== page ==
Finding eigenvectors of a 2x2 matrix

• Jan 6th 2010, 04:38 AM
matlabnoob
Finding eigenvectors of a 2x2 matrix
say you have the matrix:

A = (k, 1
0,2)

now i found the eigenvalues to be k and 2.

im trying to find the eigenvector for the eigenvalue k.

i thought its supposed to work when i do the following...
so if i use (A-lambda(I))v = 0, the matrix reduces to:

(k-k , 1
0, 2-k)
which is
(0, 1
0, 2-k)
so v2 = 0 and (2-k)v2 = 0

and we know v1 = 0...

but that means the eigenvector is (0,0) !! how is this possible?

because when i try working out the other way...

so back to our matrix A..

I do Av = lambda(v)

kv1 + v2 = kv1
2v2 = kv2

and i get eigenvector (1,0) which is correct..

so why does the first method not work?? i thought we can use any of those methods....(Doh)
• Jan 6th 2010, 05:46 AM
HallsofIvy
Quote:

Originally Posted by matlabnoob
say you have the matrix:

A = (k, 1
0,2)

now i found the eigenvalues to be k and 2.

im trying to find the eigenvector for the eigenvalue k.

i thought its supposed to work when i do the following...
so if i use (A-lambda(I))v = 0, the matrix reduces to:

(k-k , 1
0, 2-k)
which is
(0, 1
0, 2-k)
so v2 = 0 and (2-k)v2 = 0

and we know v1 = 0...

How do "we know v1= 0"? Why can't v1 be any number at all?

Quote:

but that means the eigenvector is (0,0) !! how is this possible?
No, it doesn't. It means an eigenvector is of the form (a, 0) for any number a.

Quote:

because when i try working out the other way...

so back to our matrix A..

I do Av = lambda(v)

kv1 + v2 = kv1
2v2 = kv2

and i get eigenvector (1,0) which is correct..
Yes, it is. It is your statement "and we know v1 = 0" that is incorrect. We have no reason to say v1= 0.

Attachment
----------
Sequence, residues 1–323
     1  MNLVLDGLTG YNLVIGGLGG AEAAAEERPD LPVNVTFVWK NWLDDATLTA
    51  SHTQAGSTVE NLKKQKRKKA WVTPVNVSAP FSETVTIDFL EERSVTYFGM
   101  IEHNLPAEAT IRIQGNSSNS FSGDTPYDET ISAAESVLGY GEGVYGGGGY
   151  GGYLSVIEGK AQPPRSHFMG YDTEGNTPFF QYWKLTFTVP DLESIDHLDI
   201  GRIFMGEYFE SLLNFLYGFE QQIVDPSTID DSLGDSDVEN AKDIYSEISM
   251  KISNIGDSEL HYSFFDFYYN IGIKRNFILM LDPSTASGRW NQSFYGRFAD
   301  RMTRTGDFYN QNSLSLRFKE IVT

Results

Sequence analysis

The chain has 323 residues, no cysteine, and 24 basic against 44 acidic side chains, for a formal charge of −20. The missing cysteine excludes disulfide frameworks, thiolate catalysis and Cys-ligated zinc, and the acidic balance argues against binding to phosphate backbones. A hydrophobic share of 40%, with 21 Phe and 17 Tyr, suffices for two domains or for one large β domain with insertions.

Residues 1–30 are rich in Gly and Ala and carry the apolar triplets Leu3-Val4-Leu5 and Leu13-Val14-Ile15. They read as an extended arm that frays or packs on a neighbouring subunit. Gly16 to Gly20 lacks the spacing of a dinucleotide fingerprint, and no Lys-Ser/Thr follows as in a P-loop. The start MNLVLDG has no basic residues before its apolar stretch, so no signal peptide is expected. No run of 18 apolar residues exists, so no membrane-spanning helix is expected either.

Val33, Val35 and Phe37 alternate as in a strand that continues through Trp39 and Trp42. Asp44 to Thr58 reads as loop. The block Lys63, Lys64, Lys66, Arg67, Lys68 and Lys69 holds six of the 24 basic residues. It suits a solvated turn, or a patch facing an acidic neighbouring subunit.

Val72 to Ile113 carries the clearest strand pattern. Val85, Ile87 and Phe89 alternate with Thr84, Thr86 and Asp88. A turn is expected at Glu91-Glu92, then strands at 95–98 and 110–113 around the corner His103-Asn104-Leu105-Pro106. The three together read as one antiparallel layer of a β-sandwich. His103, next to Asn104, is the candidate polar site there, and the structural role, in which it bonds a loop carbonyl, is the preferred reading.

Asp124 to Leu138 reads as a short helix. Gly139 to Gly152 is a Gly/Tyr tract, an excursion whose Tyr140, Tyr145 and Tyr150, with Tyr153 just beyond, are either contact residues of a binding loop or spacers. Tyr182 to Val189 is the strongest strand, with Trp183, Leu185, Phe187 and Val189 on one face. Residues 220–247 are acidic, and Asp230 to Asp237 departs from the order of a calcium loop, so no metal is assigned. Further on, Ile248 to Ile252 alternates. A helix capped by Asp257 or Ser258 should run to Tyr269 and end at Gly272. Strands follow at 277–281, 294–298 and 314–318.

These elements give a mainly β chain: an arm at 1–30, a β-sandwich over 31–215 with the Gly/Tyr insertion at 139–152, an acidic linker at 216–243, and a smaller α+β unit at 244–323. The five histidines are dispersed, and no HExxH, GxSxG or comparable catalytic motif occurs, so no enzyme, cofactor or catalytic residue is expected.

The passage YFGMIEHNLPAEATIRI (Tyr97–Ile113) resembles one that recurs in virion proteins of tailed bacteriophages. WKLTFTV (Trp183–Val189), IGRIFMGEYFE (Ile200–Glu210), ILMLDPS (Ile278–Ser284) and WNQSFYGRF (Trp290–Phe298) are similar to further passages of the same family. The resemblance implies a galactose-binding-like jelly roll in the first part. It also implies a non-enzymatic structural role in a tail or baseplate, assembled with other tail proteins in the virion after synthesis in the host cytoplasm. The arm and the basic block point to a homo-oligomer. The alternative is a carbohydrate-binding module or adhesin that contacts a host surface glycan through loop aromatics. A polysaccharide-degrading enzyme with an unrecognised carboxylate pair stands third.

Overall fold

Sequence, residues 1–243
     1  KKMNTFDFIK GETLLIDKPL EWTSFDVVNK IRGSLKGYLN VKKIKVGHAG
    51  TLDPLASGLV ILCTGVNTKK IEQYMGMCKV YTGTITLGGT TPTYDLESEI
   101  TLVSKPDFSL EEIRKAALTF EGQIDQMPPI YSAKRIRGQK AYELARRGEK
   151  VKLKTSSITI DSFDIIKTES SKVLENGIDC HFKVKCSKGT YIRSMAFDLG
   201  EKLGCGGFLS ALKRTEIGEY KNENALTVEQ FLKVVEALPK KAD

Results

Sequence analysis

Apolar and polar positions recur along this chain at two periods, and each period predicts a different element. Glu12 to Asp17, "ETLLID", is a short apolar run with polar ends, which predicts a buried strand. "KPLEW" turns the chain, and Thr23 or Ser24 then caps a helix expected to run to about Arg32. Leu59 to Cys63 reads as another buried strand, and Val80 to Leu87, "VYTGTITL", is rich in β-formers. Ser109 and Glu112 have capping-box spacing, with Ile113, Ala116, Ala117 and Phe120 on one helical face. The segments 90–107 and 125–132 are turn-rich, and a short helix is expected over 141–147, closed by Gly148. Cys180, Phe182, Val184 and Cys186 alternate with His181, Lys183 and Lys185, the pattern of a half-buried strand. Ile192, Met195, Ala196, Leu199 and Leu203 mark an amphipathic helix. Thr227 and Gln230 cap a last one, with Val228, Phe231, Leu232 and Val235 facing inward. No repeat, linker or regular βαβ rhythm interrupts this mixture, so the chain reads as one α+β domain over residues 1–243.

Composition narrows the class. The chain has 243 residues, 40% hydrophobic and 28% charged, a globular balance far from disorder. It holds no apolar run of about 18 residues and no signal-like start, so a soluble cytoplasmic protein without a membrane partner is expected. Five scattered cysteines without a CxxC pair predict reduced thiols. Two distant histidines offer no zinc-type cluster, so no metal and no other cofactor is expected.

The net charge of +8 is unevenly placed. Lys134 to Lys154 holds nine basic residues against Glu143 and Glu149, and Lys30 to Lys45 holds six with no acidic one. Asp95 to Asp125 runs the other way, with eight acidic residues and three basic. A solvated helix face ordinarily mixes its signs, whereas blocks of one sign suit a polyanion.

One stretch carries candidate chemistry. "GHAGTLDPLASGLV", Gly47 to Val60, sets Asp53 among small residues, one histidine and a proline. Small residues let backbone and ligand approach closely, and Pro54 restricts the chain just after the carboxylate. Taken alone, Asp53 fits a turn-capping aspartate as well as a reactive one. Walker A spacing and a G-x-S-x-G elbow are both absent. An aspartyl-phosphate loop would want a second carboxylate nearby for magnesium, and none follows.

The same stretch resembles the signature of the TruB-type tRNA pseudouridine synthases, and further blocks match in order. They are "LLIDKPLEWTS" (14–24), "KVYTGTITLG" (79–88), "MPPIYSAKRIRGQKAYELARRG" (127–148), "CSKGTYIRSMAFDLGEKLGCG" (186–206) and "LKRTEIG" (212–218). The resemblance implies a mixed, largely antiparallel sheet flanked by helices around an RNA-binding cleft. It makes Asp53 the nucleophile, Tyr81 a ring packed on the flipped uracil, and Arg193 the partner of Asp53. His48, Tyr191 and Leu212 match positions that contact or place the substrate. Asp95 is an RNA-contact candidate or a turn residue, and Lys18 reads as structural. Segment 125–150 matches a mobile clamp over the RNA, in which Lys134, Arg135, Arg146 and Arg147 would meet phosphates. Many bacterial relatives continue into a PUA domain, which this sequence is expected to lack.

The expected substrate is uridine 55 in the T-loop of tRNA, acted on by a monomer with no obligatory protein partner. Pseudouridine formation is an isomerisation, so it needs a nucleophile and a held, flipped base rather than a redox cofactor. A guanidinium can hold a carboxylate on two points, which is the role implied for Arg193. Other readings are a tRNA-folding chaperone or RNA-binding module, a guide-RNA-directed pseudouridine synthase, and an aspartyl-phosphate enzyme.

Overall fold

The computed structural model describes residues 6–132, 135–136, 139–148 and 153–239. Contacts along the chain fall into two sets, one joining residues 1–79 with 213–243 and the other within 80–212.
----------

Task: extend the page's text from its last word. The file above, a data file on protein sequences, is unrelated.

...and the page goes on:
Quote:

so why does the first method not work?? i thought we can use any of those methods....(Doh)
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The first method works fine if you use it correctly!
• Jan 6th 2010, 06:21 AM
matlabnoob
aah thanks!
that was stupid of me assuming v1 =0
what on earth was i thinking?? (Doh)
• Feb 3rd 2010, 12:33 PM
matlabnoob
back to same problem =(
ok. so im trying to solve the same matrix..

(k , 1
0 , 2)

and im using the method as follows:

(k-k, 1
0, 2-k)

so i get

(0, 1
0, 2-k)

and then...

0v1 + v2 = 0
0v1 + (2-k)v2 = 0

which i get..

v2 = 0

so...

(0,0)

!!

how does that work out? that looks so wrong! (Crying)
• Feb 3rd 2010, 12:52 PM
Defunkt
Quote:

Originally Posted by matlabnoob
ok. so im trying to solve the same matrix..

(k , 1
0 , 2)

and im using the method as follows:

(k-k, 1
0, 2-k)

so i get

(0, 1
0, 2-k)

and then...

0v1 + v2 = 0
0v1 + (2-k)v2 = 0

which i get..

v2 = 0

so...

(0,0)

!!

how does that work out? that looks so wrong! (Crying)

Again, as is obviously evident from what you posted, there is no condition on $\displaystyle v_1$. You found, correctly, that $\displaystyle v_2=0$. This means that the eigenvector of eigenvalue k is any vector of the form $\displaystyle (x ~ 0)$ with $\displaystyle x$ a real number.
• Feb 3rd 2010, 02:44 PM
math2009
$\displaystyle f_A(\lambda)=\det(A-\lambda I_3)=\det \begin{bmatrix}k-\lambda &1 \\0 &2-\lambda \end{bmatrix} =(2-\lambda)(k-\lambda)=0~\rightarrow~\lambda=\{2,k \}$
• Feb 4th 2010, 05:03 AM
HallsofIvy
Quote:

Originally Posted by matlabnoob
aah thanks!
that was stupid of me assuming v1 =0
what on earth was i thinking?? (Doh)

Quote:

Originally Posted by matlabnoob
ok. so im trying to solve the same matrix..

(k , 1
0 , 2)

and im using the method as follows:

(k-k, 1
0, 2-k)

so i get

(0, 1
0, 2-k)

and then...

0v1 + v2 = 0
0v1 + (2-k)v2 = 0

which i get..

v2 = 0

so...

(0,0)

!!

how does that work out? that looks so wrong! (Crying)

Yes, and you made the same mistake you did a month ago! v1 is NOT 0. It can be any number.